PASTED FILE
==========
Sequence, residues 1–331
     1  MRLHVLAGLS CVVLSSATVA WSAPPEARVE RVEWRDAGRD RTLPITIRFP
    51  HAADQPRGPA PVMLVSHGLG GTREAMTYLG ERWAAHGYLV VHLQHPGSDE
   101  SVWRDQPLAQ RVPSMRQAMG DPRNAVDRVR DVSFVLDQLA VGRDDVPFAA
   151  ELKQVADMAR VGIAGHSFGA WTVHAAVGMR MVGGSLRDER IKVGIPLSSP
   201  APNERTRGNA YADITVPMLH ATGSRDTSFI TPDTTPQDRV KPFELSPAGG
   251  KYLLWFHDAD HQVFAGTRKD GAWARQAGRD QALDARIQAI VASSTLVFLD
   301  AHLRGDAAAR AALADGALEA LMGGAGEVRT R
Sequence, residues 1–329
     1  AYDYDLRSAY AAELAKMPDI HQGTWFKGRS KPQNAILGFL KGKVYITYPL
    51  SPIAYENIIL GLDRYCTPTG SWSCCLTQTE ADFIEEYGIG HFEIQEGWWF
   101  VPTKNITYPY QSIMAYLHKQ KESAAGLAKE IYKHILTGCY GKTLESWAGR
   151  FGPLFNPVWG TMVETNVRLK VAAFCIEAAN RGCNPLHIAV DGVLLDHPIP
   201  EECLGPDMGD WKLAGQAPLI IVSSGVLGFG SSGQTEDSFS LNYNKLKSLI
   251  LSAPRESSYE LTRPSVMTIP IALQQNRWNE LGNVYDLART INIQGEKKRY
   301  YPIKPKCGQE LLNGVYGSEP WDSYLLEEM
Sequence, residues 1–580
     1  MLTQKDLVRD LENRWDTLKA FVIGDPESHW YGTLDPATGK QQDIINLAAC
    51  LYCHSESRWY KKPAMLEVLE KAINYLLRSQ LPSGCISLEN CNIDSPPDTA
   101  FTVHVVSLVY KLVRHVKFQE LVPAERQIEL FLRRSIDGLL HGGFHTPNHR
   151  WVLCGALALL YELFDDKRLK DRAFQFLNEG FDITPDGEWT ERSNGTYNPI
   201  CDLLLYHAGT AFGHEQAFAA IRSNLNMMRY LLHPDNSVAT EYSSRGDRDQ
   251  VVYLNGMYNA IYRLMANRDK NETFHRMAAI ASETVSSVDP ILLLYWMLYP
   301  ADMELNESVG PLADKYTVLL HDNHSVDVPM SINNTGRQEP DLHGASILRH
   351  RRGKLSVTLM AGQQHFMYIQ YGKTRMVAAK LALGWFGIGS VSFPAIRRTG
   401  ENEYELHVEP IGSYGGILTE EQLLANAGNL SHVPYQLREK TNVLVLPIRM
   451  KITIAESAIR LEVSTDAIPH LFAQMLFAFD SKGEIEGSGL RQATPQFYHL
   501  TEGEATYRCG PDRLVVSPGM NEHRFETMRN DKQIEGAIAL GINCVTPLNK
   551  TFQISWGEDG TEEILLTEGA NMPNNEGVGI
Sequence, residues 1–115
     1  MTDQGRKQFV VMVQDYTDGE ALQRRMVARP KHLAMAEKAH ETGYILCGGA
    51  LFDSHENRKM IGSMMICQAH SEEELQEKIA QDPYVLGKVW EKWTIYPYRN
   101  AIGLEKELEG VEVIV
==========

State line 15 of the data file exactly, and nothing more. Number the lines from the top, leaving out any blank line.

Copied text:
   251  LSAPRESSYE LTRPSVMTIP IALQQNRWNE LGNVYDLART INIQGEKKRY